The hike in the prices of petrol, diesel and gas is the first but not yet parting gift of the UPA government. The increase in prices of the above items excluding VAT would have cascading effect on the prices of other essential commodities, transportation cost, etc. It would further fuel inflation. The rise in prices of essential commodities and services is not accompanied by rise in income commensurate with the growing expenditure on daily household needs. Government employees are an exceptional lot since dearness allowance is given half-yearly to meet the expenditure to some extent. Middle-class people are largely affected. People must urge for the roll-back of prices. Frequent increase in prices of essential commodities and services turns the heat on the common man.
Krishnapur V Seetharamaiah
A new beginning
The recent swearing-in ceremony of Arvind Kejriwal and his AAP team at the historic Ramlila Maidan in the capital was a different affair in the sense that there seemed in his voice that burning desire to serve the society with absolute dedication. The manner in which Arvind Kejriwal addressed the massive crowdthat was nothing but a sea of humanityreiterating his poll promises of ensuring a corruption-free India and providing clean and transparent governance was quite different from what we are used to. Here is a man who is interested in the development of the country and its masses. Here, Shekhar Gupta's last week's column AAP vs VIP (FE, January 6) comes to mind. No doubt, the road ahead for the AAP can turn out to be bumpier than expected and there may be a lot of blockades, yet the AAP must perform its best in order to emerge stronger. A couple of weeks into power, now is the time to get to the business of governance.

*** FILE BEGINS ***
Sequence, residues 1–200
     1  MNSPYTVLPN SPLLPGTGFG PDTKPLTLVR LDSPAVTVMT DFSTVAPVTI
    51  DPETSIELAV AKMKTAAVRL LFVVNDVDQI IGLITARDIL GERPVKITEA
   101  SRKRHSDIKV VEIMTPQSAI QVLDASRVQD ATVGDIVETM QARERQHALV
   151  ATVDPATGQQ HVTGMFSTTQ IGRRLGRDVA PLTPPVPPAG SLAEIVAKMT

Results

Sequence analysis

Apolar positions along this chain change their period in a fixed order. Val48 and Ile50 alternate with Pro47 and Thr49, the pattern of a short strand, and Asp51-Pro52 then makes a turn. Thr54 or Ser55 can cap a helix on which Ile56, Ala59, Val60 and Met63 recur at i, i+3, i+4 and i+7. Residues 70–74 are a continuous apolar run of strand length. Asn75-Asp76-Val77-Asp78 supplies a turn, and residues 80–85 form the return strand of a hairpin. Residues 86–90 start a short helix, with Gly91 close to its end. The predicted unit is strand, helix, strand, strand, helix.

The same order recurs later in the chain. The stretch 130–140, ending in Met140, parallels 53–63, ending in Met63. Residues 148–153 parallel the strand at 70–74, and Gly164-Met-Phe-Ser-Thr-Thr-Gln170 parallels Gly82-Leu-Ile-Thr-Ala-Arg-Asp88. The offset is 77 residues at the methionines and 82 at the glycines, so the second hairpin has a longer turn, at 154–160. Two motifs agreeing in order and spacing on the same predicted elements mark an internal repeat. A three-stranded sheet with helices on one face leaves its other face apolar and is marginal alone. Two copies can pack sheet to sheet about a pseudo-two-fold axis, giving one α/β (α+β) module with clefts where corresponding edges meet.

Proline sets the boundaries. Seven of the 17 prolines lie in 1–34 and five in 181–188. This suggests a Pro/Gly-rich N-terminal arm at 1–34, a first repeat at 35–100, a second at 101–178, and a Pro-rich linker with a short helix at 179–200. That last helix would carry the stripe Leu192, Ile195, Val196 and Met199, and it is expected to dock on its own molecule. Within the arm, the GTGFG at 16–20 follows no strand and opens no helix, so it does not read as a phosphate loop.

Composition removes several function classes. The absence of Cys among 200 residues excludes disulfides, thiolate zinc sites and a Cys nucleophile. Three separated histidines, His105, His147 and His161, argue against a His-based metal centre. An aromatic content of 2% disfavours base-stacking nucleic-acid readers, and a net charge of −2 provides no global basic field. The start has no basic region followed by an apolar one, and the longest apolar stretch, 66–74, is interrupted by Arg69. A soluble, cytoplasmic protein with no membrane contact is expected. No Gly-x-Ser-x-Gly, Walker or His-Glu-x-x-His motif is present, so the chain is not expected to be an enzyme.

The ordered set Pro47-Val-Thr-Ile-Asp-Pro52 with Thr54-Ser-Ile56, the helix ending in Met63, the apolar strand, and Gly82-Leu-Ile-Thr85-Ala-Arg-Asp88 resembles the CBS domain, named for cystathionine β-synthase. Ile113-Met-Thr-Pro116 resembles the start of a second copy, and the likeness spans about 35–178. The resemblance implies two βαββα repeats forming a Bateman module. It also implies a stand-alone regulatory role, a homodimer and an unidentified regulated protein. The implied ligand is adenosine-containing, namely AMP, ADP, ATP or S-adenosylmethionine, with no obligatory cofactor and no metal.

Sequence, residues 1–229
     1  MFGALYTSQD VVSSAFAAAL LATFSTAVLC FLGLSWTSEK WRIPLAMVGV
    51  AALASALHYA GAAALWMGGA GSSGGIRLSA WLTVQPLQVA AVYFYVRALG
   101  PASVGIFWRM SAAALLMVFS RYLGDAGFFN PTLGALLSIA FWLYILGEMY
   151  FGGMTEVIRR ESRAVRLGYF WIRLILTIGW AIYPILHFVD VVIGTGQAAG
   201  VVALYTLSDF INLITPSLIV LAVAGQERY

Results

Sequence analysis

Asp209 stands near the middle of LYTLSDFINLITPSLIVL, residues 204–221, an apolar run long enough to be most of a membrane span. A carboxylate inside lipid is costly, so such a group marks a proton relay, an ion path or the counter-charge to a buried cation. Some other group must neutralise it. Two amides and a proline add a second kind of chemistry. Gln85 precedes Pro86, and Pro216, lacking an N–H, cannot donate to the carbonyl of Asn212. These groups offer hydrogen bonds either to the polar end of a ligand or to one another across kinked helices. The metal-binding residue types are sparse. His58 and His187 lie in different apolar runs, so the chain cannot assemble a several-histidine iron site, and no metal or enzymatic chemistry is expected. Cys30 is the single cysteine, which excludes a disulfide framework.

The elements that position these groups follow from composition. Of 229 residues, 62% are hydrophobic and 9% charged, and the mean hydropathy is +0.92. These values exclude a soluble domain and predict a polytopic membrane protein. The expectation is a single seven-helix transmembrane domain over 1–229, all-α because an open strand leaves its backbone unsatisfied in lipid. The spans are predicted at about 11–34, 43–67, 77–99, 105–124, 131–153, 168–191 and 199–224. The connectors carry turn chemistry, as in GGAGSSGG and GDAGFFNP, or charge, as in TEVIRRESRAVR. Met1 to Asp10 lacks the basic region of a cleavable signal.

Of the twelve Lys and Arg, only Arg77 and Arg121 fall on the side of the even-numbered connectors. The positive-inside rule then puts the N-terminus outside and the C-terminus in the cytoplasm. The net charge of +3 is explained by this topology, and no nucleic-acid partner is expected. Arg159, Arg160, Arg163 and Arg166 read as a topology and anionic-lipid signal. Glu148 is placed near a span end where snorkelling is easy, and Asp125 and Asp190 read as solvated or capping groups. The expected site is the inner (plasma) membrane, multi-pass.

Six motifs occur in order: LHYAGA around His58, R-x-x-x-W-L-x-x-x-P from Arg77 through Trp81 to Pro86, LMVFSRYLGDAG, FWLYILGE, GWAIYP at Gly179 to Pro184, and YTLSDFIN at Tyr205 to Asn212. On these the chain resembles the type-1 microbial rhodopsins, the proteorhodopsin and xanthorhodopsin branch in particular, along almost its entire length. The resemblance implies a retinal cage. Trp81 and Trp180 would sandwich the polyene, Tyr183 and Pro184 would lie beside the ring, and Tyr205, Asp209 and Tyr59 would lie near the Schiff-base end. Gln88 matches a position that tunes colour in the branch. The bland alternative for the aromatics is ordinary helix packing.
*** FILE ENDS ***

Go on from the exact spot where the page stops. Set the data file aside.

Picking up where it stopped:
Chalk and cheese
A while ago a column appeared in The Financial Express called AAP ki Tea Party. While I missed reading it that time, it became a topic of discussion, at least in my peer group. What we have figured out is that there is a basic difference in the Tea Party and the Aam Aadmi movement. The former was driven by undiluted extreme right wing ethos and the latter was more akin to rudimentary flavour of a French revolution against an entrenched power elite. So long we had a vociferous Left with reasonable clout, the common man's angst had been finding a regular outlet. But